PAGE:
- Shopping Bag ( 0 items )
Consider the cool new things that have been immediately successful: Apple's iPod, the flat screen television and Netflix. Now, switch gears and think about the major failures: the picturephone, the Segway and the Tablet PC. Billions of dollars ride on this question: Why do some new technologies succeed and others fail?
We've all heard it before: "Build it and they will come." Well the last six years have proven that at least in the technology industry, that maxim is shockingly — and expensively — untrue. But there's an alternative approach, one that is user oriented and not so supplier-centric. That's what The Change Function is all about; technology companies need to become riveted to the needs and wants of the users they seek. Users are in charge of what they spend their money on — and they always have been. The technologists may be the magicians, but the users have the checkbooks.
According to Steve McMenamin of Atlantic Systems Guild, "People hate change … and that's because people hate change … I want to be sure that you get my point. People really hate change. They really, really do." Back in 1962, Thomas Kuhn wrote Structure of Scientific Revolutions. Kuhn suggested that the entrenched interests in an old paradigm will resist change as long as they can until their own theories start to encounter massive holes in explaining the phenomenon at hand. Crisis precedes change. It takes crisis because change is difficult!
What are some ways folks have crisis in technology? What do folks want so desperately that they might consider their situation a crisis? Even if a new technology solution is disruptive by some technical assessment, it is often unclear to the users that such is the case regarding their own wants and needs.
The good news? Creating technologies does not have to be hit or miss. When do users have a crisis? When all their friends have a flat-screen TV and they feel like dopes admitting that they don't. Who doesn't have a crisis? The guy already satisfied with his cable modem service who's being bombarded with advertisements to switch over to DSL service.
The Total Perceived Pain of Adoption
Why do we open our wallets and decide to buy something, anything? What takes us from being potential customers to actual customers? Most people say this is an easy question: When the price is right. Isn't that all there is to it? Not at all. Much of the time, price accounts for less than 10 percent of the total perceived pain of adoption, or TPPA.
If the level of crisis is higher than the total perceived pain of adopting a new solution, then a change will occur. If the crisis is lower, then things will stay as they are.
Why Technology Fails
The Picturephone was a device developed by Bell Labs in 1956 as a prototype and launched by AT&T at the 1964 World's Fair in New York. It consisted of a telephone handset and a small TV. In other words, people talking on the phone would be visible to those with whom they were having a phone conversation.
Shortly thereafter, Picturephone service began between New York City, Chicago and Washington, DC, at a cost of $21 for a three-minute call — and that was on top of the hardware cost of around $500,000 for the Picturephone itself. AT&T executives were convinced that three million units would be operating in homes and offices by the mid-1980s, bringing in revenues of $5 billion a year. However, AT&T banked on network effects to drive adoption of its Picturephone. What it didn't understand was that customers had little innate desire to see live facial expressions at the other end of the line. In other words, there was very little user crisis.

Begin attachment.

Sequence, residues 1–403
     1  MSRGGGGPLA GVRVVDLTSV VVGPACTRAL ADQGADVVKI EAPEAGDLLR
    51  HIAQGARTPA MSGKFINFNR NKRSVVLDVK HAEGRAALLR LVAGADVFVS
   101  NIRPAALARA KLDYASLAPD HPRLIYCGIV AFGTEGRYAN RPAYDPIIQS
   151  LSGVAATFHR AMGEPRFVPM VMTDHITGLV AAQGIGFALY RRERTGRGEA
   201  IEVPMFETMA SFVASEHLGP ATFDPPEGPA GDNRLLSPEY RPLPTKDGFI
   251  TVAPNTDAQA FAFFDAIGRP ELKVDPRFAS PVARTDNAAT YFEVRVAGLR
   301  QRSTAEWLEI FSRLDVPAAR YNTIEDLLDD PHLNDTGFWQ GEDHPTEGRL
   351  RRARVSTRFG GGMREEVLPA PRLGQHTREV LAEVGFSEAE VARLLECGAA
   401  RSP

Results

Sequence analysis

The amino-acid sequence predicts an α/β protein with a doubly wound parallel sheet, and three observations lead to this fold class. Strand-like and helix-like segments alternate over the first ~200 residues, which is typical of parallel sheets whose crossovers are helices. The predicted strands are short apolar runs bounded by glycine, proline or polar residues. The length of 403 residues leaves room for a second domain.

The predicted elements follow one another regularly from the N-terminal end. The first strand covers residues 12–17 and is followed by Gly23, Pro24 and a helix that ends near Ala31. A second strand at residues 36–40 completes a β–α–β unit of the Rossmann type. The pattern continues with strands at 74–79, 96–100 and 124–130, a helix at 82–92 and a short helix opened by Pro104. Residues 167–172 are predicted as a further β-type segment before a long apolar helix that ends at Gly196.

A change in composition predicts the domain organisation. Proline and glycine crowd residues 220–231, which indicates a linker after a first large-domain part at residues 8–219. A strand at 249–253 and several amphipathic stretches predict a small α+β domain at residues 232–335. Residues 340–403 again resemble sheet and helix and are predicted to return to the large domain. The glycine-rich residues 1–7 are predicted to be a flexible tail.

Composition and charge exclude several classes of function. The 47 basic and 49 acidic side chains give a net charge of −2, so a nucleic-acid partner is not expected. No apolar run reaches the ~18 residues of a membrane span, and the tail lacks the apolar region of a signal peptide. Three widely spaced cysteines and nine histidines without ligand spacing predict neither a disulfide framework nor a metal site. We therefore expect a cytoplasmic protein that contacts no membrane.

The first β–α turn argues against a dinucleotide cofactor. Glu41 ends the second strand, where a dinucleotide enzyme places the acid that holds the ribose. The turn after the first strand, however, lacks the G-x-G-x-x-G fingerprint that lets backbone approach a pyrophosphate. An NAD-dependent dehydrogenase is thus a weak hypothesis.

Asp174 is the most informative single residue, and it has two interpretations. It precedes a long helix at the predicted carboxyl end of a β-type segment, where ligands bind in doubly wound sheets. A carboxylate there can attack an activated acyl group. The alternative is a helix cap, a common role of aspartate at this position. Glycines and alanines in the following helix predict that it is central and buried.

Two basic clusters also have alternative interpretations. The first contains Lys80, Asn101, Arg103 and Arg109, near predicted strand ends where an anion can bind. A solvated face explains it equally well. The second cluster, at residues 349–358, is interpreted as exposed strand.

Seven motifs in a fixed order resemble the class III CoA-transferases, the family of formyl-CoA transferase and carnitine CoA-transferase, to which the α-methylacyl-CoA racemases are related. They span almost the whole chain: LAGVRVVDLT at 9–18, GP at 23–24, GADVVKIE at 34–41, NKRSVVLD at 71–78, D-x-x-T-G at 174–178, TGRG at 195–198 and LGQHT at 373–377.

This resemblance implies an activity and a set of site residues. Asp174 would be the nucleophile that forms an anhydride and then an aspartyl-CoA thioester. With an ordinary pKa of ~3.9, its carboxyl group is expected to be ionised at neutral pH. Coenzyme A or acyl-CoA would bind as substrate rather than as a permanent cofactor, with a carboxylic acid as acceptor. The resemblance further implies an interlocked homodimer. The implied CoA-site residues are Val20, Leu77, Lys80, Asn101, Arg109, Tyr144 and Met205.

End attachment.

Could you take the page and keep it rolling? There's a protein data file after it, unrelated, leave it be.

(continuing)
Technology will only be accidentally successful if the focus is on what can be created. Systematic success — whether it's in creating new products, building great companies or changing the world — comes to those who manage to see the world through the eyes of others … to understand their crises and to help them find less painful ways of changing their world for the better. Copyright © 2006 Soundview Executive Book Summaries
|1||Silicon Valley, we've got a problem||1|
|2||The change function||18|
|3||Is the technology industry ready for change?||29|
|4||Why technology fails||43|
|5||Four more failures||90|
|6||A future winner : flat panel display TV||101|
|7||Three more future winners||115|
|8||One future loser : RFID||127|
|9||Three more future losers||143|
|10||The change function in action||154|
|11||Ten sets of questions||169|
|12||What to do?||194|
Posted March 13, 2007
Intel icons Gordon Moore and Andy Grove are each credited with a high-tech development axiom. 'Moore¿s Law' says the cost of putting the maximum number of transistors on an integrated circuit (like a computer chip) doubles every 24 months. This leads to the 'price elasticity argument' that infers the ideal price at which consumers will find new high-tech products attractive. 'Grove¿s Law' posits that people adopt new technology when it is 'disruptive,' that is, when it becomes 10 times better than anything else available. But author Pip Coburn, who writes with a lively pen, believes that high-tech leaders must put these revered principles aside, and focus instead on the people who use their technological marvels. Those who appeal to consumers will thrive. Those who do not will lose money as their products go down in flames. Is Coburn correct? As the founder of a firm that advises investors on high-tech stocks, he makes a compelling argument. We suggest that technology executives, portfolio managers, and anyone else concerned with the success of high-tech companies and their products will want to read this thoughtful book before placing their own bets.Was this review helpful? Yes NoThank you for your feedback. Report this reviewThank you, this review has been flagged.